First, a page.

expense of exploiting nature and other people whose skills and contributions are
considered less valuable in the hierarchy. A byproduct of ‘the West’ quantifying the value
of all things in a ranking order, is that some human beings or modes of living are not
considered valuable. A principal example of something that capitalism does not consider
to be inherently valuable is the preservation of nature, as it does not contribute towards
creating profit unless its resources are extracted. Of course nature has many valuable
resources that fuel capitalism, but the conservation and respect of nature, which could
consist in limiting how much we exploit it, is not profitable in the short run, hence
protecting it is not a priority. Similarly, capitalism allows for the exploitation and abuse
of people as commodities, as protecting the conditions that allow them to survive and
strive is not profitable in the short run. Therefore, capitalist systems do not prioritize the
protection against exploitation so long as it results in maximized profit margins
(Horkheimer and Adorno 1972).
Capitalism is the most highly esteemed system in ‘the West’ and, because ‘the
West’ is one of the most dominant and powerful forces that drive globalization, cultures
that do not believe in the capitalist way of thinking are, at times, considered inferior.
Though this thought is not always explicitly expressed by scholars in ‘the West’, it is
often implied in their work, especially during the 19th
and 20th
centuries, in which the
term ‘barbaric’ was used to describe a person or civilization that was considered
‘uncivilized’ (Lepeniez 2008).
23
Nevertheless, the motivation for the cultivation of knowledge is the same across
the globe and amongst all cultural communities. This motivation is to understand our
surroundings, interpret our existence and the origin of life, and create a system through
which people can live their life with a sense of meaning. However, the methods of
arranging society and understanding reality are different amongst societies based on the
values they reflect, hence their cultures are different. Capitalist systems value the
accumulation of capital and resources, which can easily be imposed across cultures
regardless of their values as many already have economic systems that concern capital.
This ability to be applied to a wide variety of cultures also leads to western thought being
more valuable on a global scale as it promotes engagement in a capitalist global
economic system. However, other cultures, for instance the Balinese culture, do not put
the same emphasis on accumulation of wealth as the capitalist culture does. Therefore,
cultures have their own understanding of what development is; it could be that a society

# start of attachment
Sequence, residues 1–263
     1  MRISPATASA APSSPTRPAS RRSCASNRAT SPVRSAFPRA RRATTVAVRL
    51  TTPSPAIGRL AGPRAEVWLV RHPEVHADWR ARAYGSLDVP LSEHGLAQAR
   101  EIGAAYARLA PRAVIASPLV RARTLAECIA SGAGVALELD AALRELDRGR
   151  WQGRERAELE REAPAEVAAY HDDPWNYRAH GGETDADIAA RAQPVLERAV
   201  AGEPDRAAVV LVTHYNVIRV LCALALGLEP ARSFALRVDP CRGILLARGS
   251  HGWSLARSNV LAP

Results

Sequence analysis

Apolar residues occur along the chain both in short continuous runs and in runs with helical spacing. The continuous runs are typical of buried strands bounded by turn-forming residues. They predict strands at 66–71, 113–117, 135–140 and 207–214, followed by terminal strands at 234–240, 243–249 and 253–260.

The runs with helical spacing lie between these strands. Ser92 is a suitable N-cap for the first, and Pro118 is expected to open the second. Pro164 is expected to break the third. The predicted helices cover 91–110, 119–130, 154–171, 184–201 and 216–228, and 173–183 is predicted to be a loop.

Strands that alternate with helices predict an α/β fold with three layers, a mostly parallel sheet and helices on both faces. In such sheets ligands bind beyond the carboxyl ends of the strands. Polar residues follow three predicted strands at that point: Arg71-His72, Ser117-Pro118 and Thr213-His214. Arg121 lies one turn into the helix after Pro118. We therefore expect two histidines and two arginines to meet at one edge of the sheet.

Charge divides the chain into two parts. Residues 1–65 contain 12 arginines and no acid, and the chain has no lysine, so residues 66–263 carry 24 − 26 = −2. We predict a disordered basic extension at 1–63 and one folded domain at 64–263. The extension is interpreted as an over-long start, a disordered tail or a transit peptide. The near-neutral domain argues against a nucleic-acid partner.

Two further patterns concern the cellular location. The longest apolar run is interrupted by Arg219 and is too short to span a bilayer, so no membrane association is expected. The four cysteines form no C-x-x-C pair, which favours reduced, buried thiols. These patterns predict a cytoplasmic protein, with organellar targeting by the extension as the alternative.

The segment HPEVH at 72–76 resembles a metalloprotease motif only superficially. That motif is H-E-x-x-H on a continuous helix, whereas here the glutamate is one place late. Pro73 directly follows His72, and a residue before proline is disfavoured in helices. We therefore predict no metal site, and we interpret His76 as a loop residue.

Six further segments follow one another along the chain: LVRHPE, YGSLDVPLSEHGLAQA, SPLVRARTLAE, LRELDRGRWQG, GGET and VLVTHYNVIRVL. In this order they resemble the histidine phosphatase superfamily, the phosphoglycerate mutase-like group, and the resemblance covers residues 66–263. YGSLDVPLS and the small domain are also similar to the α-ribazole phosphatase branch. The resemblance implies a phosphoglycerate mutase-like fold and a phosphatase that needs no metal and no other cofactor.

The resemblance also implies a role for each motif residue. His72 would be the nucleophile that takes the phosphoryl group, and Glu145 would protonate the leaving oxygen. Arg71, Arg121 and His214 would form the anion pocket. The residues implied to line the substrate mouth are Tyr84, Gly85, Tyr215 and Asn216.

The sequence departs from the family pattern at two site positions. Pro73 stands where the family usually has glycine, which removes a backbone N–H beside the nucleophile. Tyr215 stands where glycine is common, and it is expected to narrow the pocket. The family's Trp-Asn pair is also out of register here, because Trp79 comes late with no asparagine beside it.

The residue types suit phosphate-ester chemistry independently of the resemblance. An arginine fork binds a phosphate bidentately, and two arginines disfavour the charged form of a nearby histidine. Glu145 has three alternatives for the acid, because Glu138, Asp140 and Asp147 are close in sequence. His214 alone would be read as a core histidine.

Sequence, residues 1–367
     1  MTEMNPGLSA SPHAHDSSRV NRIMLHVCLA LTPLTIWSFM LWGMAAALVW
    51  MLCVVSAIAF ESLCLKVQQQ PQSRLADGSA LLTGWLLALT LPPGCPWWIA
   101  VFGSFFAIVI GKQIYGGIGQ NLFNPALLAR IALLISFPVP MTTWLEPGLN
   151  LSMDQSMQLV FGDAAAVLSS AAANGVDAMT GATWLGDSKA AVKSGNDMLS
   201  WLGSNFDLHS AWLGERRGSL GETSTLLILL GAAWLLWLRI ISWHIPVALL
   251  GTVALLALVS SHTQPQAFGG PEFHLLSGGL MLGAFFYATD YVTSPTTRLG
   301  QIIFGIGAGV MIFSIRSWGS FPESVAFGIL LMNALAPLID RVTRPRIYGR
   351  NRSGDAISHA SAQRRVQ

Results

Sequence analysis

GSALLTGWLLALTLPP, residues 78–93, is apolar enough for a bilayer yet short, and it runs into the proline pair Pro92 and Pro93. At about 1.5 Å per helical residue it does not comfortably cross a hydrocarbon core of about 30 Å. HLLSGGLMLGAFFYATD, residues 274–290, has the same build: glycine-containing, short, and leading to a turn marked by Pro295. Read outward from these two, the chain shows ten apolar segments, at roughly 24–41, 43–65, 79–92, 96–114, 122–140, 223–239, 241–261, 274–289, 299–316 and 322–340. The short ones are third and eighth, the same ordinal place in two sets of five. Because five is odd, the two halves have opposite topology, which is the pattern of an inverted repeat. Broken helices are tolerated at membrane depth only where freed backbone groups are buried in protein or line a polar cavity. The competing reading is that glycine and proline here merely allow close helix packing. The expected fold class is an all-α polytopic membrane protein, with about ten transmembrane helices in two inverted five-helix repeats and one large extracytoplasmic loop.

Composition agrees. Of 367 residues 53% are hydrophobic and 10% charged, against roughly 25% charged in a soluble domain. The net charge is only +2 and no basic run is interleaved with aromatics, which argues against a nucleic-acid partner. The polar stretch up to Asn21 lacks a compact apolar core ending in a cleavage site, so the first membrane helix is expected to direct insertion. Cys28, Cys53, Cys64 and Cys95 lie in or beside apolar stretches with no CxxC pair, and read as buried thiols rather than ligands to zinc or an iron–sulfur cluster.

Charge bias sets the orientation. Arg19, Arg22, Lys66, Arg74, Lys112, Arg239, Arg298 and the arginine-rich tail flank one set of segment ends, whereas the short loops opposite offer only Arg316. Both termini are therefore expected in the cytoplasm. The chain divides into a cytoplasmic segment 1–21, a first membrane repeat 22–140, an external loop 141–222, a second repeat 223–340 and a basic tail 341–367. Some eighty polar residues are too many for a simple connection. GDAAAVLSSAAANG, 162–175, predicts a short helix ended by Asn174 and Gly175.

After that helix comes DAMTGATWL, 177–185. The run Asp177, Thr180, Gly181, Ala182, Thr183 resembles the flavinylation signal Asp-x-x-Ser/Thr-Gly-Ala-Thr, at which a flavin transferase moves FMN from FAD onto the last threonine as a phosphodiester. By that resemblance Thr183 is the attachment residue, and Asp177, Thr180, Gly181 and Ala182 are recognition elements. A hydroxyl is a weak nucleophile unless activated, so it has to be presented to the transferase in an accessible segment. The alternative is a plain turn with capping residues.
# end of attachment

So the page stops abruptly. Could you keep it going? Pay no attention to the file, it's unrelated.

aims to develops spiritually or to become more aware and interconnected with nature. As
a result of this difference amongst cultures in defining development, knowledge from
other cultures is considered not as valuable, hence there are limited efforts to preserve
this cultural knowledge and to translate it into the dominant languages (e.g. English)
(Robinson 2014). Consequently, these limited efforts for preservation of knowledge lead
to a lack of engagement with these perspective in academic literature.
Another factor that contributes to the lack of information about other non-western
cultures is that these cultures often pass on knowledge orally through generations.
Therefore, lack of written information and lack of translation of this information in the
24
dominant languages contributes to there being a lack of research regarding the interests of
people belonging to these cultures and regarding their life perspectives. Moreover, if
scholars from other countries do not have an education that is considered to meet the
same standards of rigor as ‘the West’, then the knowledge they produce is not considered
reputable and reliable. This lack of reliability is also a result of these non-western cultures
often lacking an empirical dimension to organizing their knowledge. Additionally, if this
information is not cited, produced, or translated in the very precise and constricting
structure that ‘the West’ has created and considers reputable, then this information is
unprofessional and unreliable in the western cannon.
Another reason why there is a lack of research regarding the effects of FDI on
culture is because culture is hard to define and measure. Culture is an agglomeration of
attitudes, values, traditions, and actions which vary drastically among civilizations in the
world. For this reason, it is hard to quantitatively measure and analyze from a scientific
and economic lens. An argument made in a research that does not possess quantitative
measures, is considered less trustworthy and reliable. Hence, it is easy to follow the
mainstream tendencies of only studying things that can be measured through economic
and scientific lenses with the hope of avoiding looking unprofessional. People are often
driven by the fear of being ostracized from their community, and scientists or scholars
who do not engage in the western standards of researchers must consider their reputation
in academia when using “unreputable” sources (Noelle-Neumann 1993).
All these facts contribute to lack of knowledge that the world has about less-
powerful countries in the ‘global south’ and these western systems of living and
25
controlling other countries are designed and continue to allow some information to be
considered more important and reliable than other information and cultural knowledge.
This perpetuates uneven global exchange and dependence (good) and allows ‘the West’ to
continue to prevail over other countries by taking advantage of them and being indifferent
about the extinction of their cultures.